Scatter my ashes here...

Scatter my ashes here...
scatter my ashes in the desert...

Thursday, June 30, 2011

For your viewing pleasure

This is a video of highlights from the 2010 Badwater Ultramarathon. If this doesn't inspire you, call 911.

In the scene where the guy crosses the finish line with his baby on his shoulders, if you look to the right there are two women cheering in the background, standing next to a white van. I'm the short one in the white t-shirt. Megan and I were up there for the medical team while many of the fastest runners were finishing. That was pretty inspirational to watch, too.

Just another day at the office

This is the view from my "office". Thought I'd send a test post from my cell phone. This is what our mobile blogposts from Death Valley will look like. Just a few more days in here...

11 days and counting...

This morning I slept in. Last night I got home from the sauna absolutely exhausted. I realized that I have not slowed down yet, and it's time to do that...

Fortunately my pile of equipment that I still have to organize and pack comes down to this, which is really not that much. One more duffel bag and I should be done. I hope to do that today. I'm thankful for Southwest Airlines and their generous bag limits.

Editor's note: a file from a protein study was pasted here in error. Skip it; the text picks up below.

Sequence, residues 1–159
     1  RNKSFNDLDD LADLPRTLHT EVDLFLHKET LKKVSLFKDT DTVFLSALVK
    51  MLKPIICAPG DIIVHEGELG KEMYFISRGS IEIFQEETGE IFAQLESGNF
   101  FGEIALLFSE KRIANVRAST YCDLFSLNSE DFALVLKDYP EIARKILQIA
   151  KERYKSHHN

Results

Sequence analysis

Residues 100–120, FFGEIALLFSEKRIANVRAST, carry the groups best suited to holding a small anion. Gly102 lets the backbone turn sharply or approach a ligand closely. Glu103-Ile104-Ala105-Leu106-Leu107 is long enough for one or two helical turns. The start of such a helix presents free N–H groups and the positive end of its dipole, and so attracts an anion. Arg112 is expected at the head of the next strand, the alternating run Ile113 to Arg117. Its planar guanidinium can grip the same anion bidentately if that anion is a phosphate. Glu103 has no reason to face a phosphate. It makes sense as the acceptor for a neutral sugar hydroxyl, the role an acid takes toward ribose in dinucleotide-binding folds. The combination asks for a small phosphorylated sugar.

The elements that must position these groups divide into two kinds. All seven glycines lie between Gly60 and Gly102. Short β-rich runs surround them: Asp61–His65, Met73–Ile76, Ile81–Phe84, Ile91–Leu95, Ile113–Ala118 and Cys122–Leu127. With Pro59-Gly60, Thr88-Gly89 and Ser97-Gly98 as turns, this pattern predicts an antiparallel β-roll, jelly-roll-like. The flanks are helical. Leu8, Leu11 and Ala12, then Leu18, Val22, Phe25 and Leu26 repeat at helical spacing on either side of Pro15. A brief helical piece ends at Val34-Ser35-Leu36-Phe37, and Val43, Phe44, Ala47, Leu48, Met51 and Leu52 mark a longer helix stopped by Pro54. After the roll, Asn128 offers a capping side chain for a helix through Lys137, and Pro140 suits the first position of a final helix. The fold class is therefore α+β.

Yesterday I worked for four hours in the morning, then I gave a presentation to the awesome people at Patient Business Services, who raised $2,011 in their department for the Save Change initiative. They are an enthusiastic group and I enjoyed it. Shannon and Teresa have been incredible supporters and I appreciate them so much, I can't thank you two enough for all your hard work.

Afterwards I went over to the sauna, because it wasn't hot enough outside at 97 degrees. When I got home, I ate something, spent some time with the Buffaloes, and was in bed by 8 pm.

All I have left for training are short little runs. I am going up to do a small number of Rock Repeats, no more than 3, sometime in the next few days as a "memory run" for my quads, but that's it. An hour a day the rest of the week in the sauna, two and a half more 12 hour shifts at work, and making up my shopping list with quantities of items we'll need to buy in Las Vegas, and then I can take time to smell the flowers.

Only 11 days!

The Route